There are many innovative archival initiatives around the world. For example, in Latin America, there is the ‘Southern Conceptualisms Network’. This network, comprised of researchers, artists, archivists, curators, and writers, is working to preserve archival materials within the places they have been created. This is one of a number of different initiatives.

How do you think this fascination with the concept of the archive relates to the object?

I see a growing movement away from the traditional museum model where ultimate value is attached to the art object, and where a museum’s value is determined by how many objects it has in its collection as opposed to being its custodian within the greater commons.

There are a number of collecting institutions that are reconsidering the value of the artwork/object in relation to the material and contexts of how we understand and read the object. In the Van Abbe museum, for example, the archive has been brought up from the basement to occupy a key position in the institution and the archivist is part of the curatorial team.

I think there is an interesting shift in how artwork is no longer being presented as something finished. In these ways, the traditional white cube model is increasingly being tested. And arguably, because of the digital age and the freedom and circulation of knowledge, you no longer always see the work to fully appreciate it.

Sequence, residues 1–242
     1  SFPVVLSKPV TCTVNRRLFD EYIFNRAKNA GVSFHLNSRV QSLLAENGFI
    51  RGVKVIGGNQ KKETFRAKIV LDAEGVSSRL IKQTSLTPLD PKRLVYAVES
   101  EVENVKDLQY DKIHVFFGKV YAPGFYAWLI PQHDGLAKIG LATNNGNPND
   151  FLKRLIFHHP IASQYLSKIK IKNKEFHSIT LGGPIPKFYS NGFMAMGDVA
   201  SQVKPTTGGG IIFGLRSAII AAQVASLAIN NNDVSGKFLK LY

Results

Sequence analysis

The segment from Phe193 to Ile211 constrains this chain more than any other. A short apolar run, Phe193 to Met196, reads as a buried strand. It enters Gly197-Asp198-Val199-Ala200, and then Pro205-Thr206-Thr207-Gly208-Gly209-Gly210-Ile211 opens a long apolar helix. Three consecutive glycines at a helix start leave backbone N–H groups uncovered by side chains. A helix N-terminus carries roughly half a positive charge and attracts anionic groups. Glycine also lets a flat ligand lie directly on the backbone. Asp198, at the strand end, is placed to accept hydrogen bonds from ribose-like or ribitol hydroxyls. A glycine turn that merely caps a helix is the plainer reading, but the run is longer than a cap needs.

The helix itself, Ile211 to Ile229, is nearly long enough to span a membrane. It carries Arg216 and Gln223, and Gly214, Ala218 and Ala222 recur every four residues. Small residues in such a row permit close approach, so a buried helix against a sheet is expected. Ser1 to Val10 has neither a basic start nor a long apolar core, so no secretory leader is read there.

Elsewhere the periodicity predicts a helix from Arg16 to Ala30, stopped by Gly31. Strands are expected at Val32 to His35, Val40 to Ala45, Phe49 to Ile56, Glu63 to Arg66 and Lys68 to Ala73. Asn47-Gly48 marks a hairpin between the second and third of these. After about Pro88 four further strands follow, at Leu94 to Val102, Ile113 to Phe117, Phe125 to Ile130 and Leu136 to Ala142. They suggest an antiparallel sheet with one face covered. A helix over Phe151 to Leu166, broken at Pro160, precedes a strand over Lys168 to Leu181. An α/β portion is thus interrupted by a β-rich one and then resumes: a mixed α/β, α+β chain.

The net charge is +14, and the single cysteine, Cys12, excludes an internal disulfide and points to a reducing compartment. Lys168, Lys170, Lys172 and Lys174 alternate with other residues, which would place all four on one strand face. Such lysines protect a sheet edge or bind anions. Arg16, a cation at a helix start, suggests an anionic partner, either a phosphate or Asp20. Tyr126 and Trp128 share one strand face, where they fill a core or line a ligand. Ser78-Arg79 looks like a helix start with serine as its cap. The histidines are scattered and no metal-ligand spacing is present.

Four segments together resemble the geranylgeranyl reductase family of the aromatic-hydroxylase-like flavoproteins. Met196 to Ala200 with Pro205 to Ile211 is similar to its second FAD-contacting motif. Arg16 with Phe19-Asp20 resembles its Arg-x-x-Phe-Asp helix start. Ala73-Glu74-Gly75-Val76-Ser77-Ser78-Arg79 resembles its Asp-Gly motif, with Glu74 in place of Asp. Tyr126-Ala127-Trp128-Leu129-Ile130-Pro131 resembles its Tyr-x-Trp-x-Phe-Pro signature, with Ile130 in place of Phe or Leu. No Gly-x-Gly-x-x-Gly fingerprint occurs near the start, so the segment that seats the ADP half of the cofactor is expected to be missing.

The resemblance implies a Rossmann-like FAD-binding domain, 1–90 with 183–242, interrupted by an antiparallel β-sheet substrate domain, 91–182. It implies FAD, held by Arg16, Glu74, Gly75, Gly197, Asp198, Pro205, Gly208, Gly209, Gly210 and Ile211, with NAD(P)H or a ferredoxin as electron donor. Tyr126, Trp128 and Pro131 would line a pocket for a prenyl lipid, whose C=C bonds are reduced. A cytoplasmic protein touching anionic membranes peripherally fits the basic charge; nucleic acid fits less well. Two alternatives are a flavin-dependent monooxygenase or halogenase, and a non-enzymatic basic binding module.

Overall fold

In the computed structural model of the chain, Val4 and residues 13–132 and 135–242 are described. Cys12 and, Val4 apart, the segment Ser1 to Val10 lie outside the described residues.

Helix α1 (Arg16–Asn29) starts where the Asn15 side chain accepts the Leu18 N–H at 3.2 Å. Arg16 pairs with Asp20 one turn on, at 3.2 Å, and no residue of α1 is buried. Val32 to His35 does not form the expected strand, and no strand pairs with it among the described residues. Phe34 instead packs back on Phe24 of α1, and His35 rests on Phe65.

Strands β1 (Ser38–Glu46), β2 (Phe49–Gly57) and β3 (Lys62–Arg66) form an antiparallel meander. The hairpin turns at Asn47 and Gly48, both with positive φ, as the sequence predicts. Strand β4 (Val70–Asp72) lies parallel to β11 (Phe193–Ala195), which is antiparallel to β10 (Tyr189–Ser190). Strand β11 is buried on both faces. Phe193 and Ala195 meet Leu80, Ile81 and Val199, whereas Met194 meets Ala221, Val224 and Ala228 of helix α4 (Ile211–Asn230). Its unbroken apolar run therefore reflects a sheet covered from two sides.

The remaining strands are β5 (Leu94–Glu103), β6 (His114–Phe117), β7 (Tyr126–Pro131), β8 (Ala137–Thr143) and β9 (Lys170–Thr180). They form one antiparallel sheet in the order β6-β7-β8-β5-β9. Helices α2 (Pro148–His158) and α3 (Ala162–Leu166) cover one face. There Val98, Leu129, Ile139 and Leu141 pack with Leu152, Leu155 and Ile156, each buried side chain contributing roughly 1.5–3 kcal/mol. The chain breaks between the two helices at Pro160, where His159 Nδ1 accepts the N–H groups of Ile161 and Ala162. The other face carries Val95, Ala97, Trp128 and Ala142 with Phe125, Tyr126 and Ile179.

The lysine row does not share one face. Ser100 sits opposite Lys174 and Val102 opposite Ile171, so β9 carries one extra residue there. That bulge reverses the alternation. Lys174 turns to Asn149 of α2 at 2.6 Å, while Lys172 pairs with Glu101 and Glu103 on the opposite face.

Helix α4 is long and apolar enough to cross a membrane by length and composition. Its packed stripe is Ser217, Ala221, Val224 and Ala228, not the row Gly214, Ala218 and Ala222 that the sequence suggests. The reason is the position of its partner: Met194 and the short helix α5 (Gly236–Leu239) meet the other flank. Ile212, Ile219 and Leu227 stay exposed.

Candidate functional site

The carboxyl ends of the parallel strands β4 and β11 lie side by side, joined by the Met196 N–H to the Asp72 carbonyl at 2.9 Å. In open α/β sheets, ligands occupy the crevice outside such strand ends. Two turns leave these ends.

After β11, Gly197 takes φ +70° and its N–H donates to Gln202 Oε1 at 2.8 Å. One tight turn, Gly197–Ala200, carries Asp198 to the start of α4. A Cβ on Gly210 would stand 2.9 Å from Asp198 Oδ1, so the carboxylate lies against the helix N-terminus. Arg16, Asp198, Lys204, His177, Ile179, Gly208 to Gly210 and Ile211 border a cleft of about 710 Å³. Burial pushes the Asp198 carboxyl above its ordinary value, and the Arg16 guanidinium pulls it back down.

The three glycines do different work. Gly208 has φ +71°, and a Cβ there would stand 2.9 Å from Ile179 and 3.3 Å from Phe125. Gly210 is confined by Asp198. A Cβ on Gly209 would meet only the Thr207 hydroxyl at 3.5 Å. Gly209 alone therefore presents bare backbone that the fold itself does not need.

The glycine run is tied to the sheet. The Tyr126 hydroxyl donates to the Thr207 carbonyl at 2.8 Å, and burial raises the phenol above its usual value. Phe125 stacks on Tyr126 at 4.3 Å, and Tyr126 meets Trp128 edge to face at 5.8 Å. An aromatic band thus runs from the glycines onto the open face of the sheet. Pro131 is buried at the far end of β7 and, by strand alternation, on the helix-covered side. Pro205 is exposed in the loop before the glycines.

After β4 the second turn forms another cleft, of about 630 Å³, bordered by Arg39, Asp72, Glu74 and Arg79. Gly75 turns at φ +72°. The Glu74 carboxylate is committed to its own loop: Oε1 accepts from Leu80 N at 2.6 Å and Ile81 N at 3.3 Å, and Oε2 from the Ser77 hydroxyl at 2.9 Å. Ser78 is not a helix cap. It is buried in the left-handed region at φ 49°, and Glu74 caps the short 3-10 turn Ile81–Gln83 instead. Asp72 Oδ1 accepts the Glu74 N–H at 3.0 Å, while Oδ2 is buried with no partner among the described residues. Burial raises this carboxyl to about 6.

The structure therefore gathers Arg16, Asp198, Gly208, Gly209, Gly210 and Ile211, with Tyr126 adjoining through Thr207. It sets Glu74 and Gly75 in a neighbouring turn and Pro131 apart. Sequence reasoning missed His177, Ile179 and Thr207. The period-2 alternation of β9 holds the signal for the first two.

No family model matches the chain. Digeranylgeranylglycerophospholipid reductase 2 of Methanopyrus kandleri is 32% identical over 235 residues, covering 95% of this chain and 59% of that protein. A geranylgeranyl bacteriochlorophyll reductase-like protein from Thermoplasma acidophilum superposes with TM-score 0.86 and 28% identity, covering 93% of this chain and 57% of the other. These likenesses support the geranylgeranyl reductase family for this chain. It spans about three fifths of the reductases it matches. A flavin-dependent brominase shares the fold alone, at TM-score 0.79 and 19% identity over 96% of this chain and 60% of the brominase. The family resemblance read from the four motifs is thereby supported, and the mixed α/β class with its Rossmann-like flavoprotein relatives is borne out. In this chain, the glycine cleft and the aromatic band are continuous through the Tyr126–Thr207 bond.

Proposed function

In 2010, in order to make more of its collection available to the public, AAA began a major digitisation initiative and launched its Collection Online. How important is the Internet to your future plans?

Essential. We spent four years on the new website.

The reason we launched the website and will continue to allocate resources to developing the digital platform, is essential to our philosophy of accessibility, and ultimately to distilling dominant art historical narratives. The long-term contribution of the Archive will be its contribution to enriching and complicating global art historical narratives.

It allows people to think beyond the art history they have been taught. Once all of this material is out there you cannot ignore it. - [O]